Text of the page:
Cabon A., Martínez-Vilalta J., Martínez de Aragón J., Poyatos R., De Cáceres M. (2018) Applying the eco-hydrological equilibrium hypothesis to model root distribution in water-limited forests. Ecohydrology. : 0-0.EnlaceDoi: 10.1002/eco.2015
Drought is a key driver of vegetation dynamics, but plant water-uptake patterns and consequent plant responses to drought are poorly understood at large spatial scales. The capacity of vegetation to use soil water depends on its root distribution (RD). However, RD is extremely variable in space and difficult to measure in the field, which hinders accurate predictions of water fluxes and vegetation dynamics. We propose a new method to estimate RD within water balance models, assuming that vegetation is at eco-hydrological equilibrium (EHE). EHE conditions imply that vegetation optimizes RD such that transpiration is maximized within the limits of bearable drought stress, characterized here by species-specific hydraulic thresholds. Optimized RD estimates were validated against RD estimates obtained by model calibration from sap flow or soil moisture from 38 forest plots in Catalonia (NE Spain). In water-limited plots, optimized RD was similar to calibrated RD, but estimates diverged with higher water availability, suggesting that the EHE may not be assumed when water is not limiting. Thereafter, we applied the optimization procedure at the regional scale, to estimate RD for the water-limited forests of Catalonia. Regional variations of optimum RD reproduced many expected patterns in response to climate, soil physical properties, forest structure, and species hydraulic traits. We conclude that RD optimization, based on the EHE hypothesis and a simple description of plant hydraulics, produces realistic estimates of RD that can be used for model parameterization and shows promise to improve our ability to forecast vegetation dynamics under increased drought. © 2018 John Wiley & Sons, Ltd.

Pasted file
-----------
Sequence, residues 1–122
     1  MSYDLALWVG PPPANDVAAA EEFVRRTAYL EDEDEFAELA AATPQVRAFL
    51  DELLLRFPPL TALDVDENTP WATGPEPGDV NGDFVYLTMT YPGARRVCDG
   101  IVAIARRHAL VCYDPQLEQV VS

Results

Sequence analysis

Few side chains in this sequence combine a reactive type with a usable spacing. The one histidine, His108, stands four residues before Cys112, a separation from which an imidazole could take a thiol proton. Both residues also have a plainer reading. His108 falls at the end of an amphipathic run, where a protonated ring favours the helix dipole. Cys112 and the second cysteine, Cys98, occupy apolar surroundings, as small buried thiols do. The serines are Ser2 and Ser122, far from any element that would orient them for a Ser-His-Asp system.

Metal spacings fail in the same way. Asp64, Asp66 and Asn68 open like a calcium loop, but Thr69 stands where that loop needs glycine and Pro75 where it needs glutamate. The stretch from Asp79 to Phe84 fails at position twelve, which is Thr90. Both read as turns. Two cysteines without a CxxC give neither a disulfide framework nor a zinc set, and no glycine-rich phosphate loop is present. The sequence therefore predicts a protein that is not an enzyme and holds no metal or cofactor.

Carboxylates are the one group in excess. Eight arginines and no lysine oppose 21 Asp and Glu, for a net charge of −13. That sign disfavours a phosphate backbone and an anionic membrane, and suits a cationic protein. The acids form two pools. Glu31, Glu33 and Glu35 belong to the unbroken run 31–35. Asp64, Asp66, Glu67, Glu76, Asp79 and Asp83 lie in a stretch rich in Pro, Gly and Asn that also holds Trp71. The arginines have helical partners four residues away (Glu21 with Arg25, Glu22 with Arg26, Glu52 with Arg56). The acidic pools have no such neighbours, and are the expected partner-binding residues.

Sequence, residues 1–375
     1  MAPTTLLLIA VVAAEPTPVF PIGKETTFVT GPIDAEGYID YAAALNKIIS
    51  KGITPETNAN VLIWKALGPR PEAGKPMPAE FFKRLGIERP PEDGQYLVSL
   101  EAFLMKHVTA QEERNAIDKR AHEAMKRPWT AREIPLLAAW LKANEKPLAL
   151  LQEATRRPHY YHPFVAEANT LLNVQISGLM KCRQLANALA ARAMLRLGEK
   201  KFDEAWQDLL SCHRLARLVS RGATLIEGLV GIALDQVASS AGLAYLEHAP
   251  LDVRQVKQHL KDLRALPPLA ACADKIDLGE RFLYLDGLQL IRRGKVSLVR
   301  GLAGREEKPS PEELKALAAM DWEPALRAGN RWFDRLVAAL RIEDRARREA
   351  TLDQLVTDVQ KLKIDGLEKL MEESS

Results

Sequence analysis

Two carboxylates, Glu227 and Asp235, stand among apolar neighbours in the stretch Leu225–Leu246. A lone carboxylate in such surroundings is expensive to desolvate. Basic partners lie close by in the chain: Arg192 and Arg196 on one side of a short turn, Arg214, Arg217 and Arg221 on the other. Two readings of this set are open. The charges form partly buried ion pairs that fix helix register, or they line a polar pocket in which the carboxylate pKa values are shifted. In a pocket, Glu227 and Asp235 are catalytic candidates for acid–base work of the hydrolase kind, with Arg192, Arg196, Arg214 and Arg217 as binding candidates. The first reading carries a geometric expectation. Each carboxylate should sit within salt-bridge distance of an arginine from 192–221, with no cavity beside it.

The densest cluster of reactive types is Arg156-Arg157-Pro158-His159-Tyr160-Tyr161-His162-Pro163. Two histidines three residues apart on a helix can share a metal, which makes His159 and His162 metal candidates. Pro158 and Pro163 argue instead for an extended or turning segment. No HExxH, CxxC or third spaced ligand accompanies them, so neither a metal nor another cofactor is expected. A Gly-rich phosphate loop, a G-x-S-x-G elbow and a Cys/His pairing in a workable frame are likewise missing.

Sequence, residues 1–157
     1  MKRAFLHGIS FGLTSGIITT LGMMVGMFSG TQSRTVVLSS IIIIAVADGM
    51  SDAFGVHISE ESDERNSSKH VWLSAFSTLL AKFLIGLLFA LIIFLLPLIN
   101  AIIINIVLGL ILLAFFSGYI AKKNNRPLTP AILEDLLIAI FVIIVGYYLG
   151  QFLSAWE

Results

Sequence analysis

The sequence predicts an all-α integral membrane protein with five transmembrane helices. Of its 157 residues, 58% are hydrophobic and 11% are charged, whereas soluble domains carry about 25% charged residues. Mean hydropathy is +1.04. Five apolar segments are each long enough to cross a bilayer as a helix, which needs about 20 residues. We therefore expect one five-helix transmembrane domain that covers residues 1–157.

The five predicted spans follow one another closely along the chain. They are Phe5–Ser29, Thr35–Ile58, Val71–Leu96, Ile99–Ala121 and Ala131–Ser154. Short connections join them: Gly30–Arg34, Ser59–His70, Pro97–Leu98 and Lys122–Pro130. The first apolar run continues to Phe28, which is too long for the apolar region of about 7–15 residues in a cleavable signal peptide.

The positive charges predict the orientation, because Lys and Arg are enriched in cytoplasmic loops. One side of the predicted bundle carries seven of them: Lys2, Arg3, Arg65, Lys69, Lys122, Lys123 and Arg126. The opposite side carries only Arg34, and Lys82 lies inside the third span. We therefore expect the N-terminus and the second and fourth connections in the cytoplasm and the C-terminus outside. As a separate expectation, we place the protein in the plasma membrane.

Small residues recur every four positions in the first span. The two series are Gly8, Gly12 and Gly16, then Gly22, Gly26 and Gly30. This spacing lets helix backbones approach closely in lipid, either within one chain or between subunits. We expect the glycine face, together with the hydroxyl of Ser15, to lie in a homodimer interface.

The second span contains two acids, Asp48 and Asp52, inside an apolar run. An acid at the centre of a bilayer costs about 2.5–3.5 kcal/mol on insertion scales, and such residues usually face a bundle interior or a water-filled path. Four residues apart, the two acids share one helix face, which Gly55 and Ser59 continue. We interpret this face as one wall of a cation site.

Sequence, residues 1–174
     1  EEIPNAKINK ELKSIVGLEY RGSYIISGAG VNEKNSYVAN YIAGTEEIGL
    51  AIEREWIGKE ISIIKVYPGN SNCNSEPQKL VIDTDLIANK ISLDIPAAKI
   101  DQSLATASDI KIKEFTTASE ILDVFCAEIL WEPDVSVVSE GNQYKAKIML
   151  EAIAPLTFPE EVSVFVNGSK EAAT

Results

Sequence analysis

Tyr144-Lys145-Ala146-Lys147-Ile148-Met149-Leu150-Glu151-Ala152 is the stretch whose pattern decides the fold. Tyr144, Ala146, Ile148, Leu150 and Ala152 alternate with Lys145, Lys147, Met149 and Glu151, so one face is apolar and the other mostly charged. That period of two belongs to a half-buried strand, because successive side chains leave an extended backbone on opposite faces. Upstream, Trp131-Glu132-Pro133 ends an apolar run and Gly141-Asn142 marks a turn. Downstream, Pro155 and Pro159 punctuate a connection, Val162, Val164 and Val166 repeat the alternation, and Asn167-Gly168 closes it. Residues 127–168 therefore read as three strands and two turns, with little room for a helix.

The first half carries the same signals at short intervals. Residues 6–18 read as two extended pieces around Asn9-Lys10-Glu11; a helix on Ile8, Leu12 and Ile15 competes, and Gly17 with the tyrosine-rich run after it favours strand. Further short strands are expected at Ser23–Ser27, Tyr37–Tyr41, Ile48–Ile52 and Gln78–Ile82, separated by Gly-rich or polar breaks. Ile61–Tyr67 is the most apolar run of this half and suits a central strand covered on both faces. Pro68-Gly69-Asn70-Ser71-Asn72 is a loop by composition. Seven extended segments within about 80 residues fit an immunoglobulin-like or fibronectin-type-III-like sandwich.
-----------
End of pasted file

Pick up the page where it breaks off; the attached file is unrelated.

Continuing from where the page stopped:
Cabon, A., Mouillot, F., Lempereur, M., Ourcival, J.-M., Simioni, G., Limousin, J.-M. (2018) Thinning increases tree growth by delaying drought-induced growth cessation in a Mediterranean evergreen oak coppice. Forest Ecology and Management. 409: 333-342.EnlaceDoi: 10.1016/j.foreco.2017.11.030
De Cáceres M., Martin-StPaul N., Turco M., Cabon A., Granda V. (2018) Estimating daily meteorological data and downscaling climate models over landscapes. Environmental Modelling and Software. 108: 186-196.EnlaceDoi: 10.1016/j.envsoft.2018.08.003
High-resolution meteorological data are necessary to understand and predict climate-driven impacts on the structure and function of terrestrial ecosystems. However, the spatial resolution of climate reanalysis data and climate model outputs is often too coarse for studies at local/landscape scales. Additionally, climate model projections usually contain important biases, requiring the application of statistical corrections. Here we present ‘meteoland’ an R package that integrates several tools to facilitate the estimation of daily weather over landscapes, both under current and future conditions. The package contains functions: (1) to interpolate daily weather including topographic effects; and (2) to correct the biases of a given weather series (e.g., climate model outputs). We illustrate and validate the functions of the package using weather station data from Catalonia (NE Spain), re-analysis data and climate model outputs for a specific county. We conclude with a discussion of current limitations and potential improvements of the package. © 2018